Consulting—running out of fuel?

The consulting industry, having successfully navigated one crisis, is now facing another.

Throughout most of last week my local petrol (gas) station has had long queues of vehicles waiting to fill up. While factors like Brexit and COVID have certainly contributed to the UK’s current shortage, it’s clear that the underlying problem here is the fact that fuel supply chains, in the interests of keeping prices as low as possible, have evolved to become overly dependent on a finely calibrated balance of supply and demand. Historically, this hasn’t been a problem; demand for petrol is relatively stable and predictable, so there has never been much need for stations to carry excess supply. However, it only takes a small drop in supply or increase in demand to create a crisis that can rapidly spiral out of control.

Consulting firms, like petrol stations, are businesses that tend to be acutely calibrated around issues of supply and demand; the profitability of firms is dependent on their ability to maintain carefully calculated utilisation rates. Consequently, the consulting industry is one that is uniquely exposed to a risk of talent shortages when client demand surges unexpectedly—and that seems to be precisely the situation playing itself out at the moment. Our analysis suggests that the global consulting industry will grow by 11% in 2021—around three percentage points higher than a typical pre-pandemic year. Firms simply don’t have enough consultants to meet that demand. Many put recruitment on hold last year, so started this year with lower “inventory”; and some of their senior, more experienced consultants have re-evaluated their lives during the pandemic and left the industry to pursue other opportunities. In total, one in five firms now report that they’re having to turn down work because they don’t have the resources to deliver it.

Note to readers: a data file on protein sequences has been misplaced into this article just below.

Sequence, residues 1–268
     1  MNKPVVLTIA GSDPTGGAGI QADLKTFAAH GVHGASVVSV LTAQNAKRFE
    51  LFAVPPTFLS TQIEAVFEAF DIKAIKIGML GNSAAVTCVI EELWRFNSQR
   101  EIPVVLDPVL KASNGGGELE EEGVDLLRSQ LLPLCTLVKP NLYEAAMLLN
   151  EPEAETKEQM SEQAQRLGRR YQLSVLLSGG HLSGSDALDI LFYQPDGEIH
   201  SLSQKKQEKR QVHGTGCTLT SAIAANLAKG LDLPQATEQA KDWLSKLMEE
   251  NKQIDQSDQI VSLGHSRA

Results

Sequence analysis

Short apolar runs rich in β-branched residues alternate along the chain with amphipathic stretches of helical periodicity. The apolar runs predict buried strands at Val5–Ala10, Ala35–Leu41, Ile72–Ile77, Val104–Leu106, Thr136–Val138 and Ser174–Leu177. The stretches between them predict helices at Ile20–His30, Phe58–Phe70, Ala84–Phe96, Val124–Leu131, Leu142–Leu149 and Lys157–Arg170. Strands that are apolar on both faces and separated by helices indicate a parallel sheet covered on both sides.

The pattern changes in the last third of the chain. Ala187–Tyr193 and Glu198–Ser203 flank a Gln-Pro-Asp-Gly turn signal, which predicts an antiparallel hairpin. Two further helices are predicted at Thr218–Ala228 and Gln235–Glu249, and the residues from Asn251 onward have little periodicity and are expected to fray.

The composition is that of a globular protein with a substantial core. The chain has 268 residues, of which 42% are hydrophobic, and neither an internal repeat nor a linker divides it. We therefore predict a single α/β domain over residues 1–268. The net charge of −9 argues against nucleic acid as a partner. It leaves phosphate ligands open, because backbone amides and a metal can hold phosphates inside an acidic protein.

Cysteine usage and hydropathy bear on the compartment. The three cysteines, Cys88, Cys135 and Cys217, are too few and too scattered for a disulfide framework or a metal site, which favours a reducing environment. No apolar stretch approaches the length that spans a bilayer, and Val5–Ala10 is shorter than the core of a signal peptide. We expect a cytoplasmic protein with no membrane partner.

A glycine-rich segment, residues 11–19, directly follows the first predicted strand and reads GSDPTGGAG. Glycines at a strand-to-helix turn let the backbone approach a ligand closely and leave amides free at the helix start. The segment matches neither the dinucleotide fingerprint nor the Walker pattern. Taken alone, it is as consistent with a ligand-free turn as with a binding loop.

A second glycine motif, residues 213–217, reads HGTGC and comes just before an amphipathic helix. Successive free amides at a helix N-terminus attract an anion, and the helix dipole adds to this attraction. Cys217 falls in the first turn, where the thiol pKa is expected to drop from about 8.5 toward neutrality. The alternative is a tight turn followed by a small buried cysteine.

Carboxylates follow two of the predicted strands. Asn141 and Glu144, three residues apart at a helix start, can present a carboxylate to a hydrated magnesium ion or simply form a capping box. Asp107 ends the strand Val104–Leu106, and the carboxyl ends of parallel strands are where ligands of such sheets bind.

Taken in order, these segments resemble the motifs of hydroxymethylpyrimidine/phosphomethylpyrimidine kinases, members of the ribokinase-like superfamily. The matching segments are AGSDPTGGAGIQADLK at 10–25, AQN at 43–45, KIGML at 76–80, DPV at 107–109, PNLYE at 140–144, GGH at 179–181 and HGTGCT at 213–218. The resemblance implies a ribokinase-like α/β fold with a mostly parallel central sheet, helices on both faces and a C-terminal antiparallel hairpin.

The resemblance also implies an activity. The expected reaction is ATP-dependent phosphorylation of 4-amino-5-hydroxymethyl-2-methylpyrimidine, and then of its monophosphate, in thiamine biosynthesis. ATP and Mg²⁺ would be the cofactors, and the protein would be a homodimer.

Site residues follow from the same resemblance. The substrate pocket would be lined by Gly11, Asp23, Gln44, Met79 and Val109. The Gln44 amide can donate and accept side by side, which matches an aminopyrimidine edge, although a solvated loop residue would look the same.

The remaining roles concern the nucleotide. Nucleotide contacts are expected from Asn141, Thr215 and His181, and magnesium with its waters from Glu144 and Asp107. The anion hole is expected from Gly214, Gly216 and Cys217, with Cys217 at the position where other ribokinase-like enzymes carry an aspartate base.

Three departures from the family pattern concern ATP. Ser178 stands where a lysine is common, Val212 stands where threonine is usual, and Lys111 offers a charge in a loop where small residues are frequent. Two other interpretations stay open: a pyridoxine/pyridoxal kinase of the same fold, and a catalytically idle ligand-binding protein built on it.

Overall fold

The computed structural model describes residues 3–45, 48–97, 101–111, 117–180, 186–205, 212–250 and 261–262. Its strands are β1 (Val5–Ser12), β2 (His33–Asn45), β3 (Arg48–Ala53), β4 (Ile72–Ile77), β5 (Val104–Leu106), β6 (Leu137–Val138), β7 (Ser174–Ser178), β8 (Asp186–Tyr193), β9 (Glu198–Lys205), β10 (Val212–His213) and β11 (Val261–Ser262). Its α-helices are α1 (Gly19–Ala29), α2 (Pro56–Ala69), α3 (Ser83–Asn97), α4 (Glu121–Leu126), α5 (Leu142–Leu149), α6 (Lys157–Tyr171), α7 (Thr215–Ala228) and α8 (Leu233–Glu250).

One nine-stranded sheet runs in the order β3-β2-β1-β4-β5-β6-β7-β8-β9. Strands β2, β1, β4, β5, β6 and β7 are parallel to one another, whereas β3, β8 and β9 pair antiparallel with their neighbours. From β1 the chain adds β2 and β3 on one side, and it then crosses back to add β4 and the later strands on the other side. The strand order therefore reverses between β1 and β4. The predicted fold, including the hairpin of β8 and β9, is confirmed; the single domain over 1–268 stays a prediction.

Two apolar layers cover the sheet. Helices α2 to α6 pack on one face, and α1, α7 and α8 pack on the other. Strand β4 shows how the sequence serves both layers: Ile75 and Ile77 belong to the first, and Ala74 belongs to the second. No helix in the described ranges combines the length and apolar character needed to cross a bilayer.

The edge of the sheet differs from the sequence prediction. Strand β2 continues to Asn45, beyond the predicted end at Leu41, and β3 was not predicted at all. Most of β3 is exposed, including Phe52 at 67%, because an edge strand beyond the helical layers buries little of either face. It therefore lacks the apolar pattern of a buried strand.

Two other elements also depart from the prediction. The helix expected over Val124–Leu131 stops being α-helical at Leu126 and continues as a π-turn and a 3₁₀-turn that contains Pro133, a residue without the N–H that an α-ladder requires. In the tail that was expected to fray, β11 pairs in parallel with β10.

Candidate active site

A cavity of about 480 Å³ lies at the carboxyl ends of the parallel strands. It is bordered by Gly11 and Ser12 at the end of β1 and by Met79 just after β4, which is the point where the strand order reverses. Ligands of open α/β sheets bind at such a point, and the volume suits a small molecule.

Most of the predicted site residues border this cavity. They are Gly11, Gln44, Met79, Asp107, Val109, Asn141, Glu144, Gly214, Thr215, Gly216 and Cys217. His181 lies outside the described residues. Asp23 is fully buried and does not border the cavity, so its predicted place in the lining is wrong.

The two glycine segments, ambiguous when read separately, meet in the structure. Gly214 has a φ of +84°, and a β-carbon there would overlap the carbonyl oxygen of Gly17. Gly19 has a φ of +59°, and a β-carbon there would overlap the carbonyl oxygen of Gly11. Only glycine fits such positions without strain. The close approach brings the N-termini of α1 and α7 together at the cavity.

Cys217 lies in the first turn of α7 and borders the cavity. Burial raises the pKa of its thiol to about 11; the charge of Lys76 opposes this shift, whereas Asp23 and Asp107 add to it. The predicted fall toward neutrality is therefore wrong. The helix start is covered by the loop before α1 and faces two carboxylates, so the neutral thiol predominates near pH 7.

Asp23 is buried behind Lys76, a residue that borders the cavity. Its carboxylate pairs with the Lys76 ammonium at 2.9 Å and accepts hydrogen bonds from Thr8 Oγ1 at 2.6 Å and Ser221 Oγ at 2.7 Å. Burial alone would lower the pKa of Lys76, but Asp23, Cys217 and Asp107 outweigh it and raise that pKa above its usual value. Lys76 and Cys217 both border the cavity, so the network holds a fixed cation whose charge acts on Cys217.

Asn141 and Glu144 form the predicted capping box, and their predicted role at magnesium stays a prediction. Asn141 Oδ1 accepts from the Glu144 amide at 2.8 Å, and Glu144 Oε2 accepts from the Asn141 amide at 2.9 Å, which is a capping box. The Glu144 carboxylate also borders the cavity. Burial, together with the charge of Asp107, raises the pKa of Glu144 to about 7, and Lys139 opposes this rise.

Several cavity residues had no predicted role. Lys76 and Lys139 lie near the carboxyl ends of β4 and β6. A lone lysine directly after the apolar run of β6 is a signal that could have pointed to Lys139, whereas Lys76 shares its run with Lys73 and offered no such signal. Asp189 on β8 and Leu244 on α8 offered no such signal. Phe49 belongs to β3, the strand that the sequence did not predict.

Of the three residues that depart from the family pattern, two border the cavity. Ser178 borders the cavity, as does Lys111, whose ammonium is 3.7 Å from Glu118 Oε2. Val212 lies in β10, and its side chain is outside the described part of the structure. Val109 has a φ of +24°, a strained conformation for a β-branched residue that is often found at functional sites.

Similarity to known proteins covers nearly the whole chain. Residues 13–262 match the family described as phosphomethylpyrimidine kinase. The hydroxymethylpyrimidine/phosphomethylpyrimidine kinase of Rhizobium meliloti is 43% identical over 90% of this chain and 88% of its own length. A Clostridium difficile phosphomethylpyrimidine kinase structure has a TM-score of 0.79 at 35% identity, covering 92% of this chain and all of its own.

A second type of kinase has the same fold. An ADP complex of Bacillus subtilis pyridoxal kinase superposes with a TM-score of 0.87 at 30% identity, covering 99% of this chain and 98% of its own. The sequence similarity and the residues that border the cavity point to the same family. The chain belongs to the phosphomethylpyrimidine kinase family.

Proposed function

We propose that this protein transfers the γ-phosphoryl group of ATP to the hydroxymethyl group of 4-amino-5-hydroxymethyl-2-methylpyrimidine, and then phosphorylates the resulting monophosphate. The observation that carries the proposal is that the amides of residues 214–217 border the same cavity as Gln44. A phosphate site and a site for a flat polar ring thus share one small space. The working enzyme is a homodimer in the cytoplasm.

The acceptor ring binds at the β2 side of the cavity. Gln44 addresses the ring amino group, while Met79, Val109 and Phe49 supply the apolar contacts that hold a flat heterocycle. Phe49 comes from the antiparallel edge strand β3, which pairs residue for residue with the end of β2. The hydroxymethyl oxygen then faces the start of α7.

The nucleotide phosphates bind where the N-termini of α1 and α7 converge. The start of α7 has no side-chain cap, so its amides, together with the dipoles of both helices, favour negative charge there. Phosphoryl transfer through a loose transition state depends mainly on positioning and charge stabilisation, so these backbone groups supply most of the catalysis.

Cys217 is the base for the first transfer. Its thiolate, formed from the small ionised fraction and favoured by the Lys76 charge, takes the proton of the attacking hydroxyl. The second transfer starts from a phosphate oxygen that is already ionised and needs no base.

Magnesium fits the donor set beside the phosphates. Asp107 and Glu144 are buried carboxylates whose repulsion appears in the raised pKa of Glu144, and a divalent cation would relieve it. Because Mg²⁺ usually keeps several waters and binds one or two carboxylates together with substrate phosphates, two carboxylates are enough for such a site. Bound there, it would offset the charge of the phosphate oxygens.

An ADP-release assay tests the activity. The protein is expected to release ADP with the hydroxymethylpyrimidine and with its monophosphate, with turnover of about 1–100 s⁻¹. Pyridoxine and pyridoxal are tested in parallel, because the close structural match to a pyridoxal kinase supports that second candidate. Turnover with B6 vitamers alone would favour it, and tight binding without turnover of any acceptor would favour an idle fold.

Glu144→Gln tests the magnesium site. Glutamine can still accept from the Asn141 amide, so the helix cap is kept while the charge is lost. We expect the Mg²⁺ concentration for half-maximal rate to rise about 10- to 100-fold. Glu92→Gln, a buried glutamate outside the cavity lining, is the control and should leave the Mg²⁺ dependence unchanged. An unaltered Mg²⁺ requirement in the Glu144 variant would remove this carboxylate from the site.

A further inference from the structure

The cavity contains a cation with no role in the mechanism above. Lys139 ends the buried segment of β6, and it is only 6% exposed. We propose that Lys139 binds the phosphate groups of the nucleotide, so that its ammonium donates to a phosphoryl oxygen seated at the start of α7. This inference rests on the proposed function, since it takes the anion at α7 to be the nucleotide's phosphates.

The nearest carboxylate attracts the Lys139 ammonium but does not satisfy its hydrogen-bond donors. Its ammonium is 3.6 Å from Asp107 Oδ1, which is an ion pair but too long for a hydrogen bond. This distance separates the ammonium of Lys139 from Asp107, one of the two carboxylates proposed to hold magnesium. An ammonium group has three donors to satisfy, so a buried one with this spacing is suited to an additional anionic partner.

But there’s another way in which the situation in the consulting sector parallels the UK’s current fuel shortage. In the latter case, it was the wave of panic-buying—not the initial supply problems—that turned a shortage into a full-blown crisis. Similarly, the way that firms have reacted to the shortage of talent in the market may end up doing more damage to the industry than the shortage itself. Anxious not to lose out on the current boom, jittery firms are offering unsustainably high salaries to potential recruits, creating a vicious cycle that is likely to undermine profit margins for the next two to three years—just as it did in 1999, when adoption of early internet-based business models combined with fears of the millennium bug to push up demand suddenly and sharply.

Of course, there are also some important differences between consultants and petrol. Most notably, consultants aren’t fungible; a firm’s access to specific skillsets matters just as much as their access to a raw volume of resources. Indeed, many clients have told us that they’re cancelling projects because they can’t find suppliers with the right skills and/or the right skills at a reasonable price point. Most of those clients, however, haven’t yet joined the dots together and started to see this as anything more than a localised issue. We know this, partly because we spend a lot of time talking to clients, and partly because clients are roughly seven times more likely than they were before the crisis to predict that consulting fee rates will fall in the next 12-18 months. Yes, you did read that right: Despite the fall in prices during the pandemic itself, around 35% of clients think that rates will fall further. “Talent crisis? What talent crisis?”, clients are saying.

What happens next? Probably three things. First, the situation is likely to get worse before it gets better. History shows that breaking out of cycle when you’re in the middle of it is hard. Collectively, the consulting industry could mitigate the long-term damage of the crisis by offering only modest salary rises; individually, every firm has an incentive to outbid their competitors. Second, at some point firms will have no choice but to put their fee rates up. Clients will react by cutting demand, resulting in an economic bump consulting firms will be prepared to withstand because they’ll have reached a point where salary rises have become unsustainable and a market correction is needed. And lastly, both in the short and long term, there’s going to be a lot more discussion about alternative delivery models. Firms, like petrol stations, have started to recognise that a just-in-time system that’s predicated on reasonably predictable customer needs can’t cope with even small changes on either the demand or supply side, and fails catastrophically when changes happen on both sides simultaneously.